The Naked Jungle (1954)


(director: Byron Haskin; screenwriters: Philip Yordan/Ranald MacDougall/Ben Maddow/story by Carl Stephenson; cinematographer: Ernest Laszlo; editor: Everett Douglas; music: Daniele Amfitheatrof; cast: Eleanor Parker (Joanna Leiningen), Charlton Heston (Christopher Leiningen), William Conrad (Commissioner), Abraham Sofaer (Incacha), Norma Calderon (Zala), John Dierkes (Gruber), Douglas Fowley (Medicine Man); Runtime: 95; MPAA Rating: NR; producer: George Pal; Paramount; 1954)

“A wonderfully strange jungle melodrama.”

Reviewed by Dennis Schwartz

Byron Haskin (“The Power”) directs a wonderfully strange jungle melodrama set in the early 1900’s on Charlton Heston’s South American plantation. Haskins was director on War of the Worlds the previous year for celebrated special effects producer George Pal. The Naked Jungle combines a heavy dose of sexual symbolism with exotic adventure. It is lushly shot by Ernest Laszlo. The intelligent story by Carl Stephenson and understanding script by Philip Yordan is a film version of the gripping old radio show called Leiningen Versus the Ants.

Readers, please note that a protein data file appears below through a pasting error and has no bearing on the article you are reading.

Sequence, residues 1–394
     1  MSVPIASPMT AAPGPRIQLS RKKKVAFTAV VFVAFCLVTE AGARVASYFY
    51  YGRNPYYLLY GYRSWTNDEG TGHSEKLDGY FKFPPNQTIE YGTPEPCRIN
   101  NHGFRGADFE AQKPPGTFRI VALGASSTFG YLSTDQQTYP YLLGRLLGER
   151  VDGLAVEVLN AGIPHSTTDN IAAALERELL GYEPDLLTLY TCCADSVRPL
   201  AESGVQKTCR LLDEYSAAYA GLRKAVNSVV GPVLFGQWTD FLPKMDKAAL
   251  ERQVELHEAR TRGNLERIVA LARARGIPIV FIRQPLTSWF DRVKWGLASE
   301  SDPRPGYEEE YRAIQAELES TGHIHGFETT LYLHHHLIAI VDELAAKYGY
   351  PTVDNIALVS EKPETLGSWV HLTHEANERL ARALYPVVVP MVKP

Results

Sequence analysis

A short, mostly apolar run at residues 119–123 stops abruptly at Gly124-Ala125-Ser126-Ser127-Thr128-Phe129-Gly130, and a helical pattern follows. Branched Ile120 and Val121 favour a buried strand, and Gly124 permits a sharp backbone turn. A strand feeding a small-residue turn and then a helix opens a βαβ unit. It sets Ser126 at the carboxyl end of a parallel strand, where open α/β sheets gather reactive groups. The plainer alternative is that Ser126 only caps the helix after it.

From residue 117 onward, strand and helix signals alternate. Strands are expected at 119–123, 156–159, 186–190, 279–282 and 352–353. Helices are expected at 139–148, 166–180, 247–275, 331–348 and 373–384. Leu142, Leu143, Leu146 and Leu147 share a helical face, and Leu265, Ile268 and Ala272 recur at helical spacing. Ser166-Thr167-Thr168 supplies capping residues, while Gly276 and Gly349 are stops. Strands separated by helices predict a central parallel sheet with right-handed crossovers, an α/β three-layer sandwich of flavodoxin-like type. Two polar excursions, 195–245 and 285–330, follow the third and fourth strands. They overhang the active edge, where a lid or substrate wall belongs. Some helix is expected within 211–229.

The 34-year-old self-made plantation owner, Heston, battles an army of red ants and suffers through a loveless marriage with the gorgeous and sophisticated red-headed Eleanor Parker, sent for as a mail-order bride from New Orleans. The cultured lady who plays the piano and speaks several languages doesn’t quite fit into the steamy jungle scene, and Heston’s impotence leaves him despairing for himself and filled with disgust for her. The macho man hides the fact that he’s never slept with a woman before, as a result is filled with inner turmoil. As Heston rejects her and packs her off to go back home by boat, the ants attack and threaten to ruin everything he’s built for the last 15 years. Heston begins to change his mind when she stays and joins the biblical fight against the ants. The climactic scene of the invading ants is a marvel in special effects, offering some good old-fashioned thrills.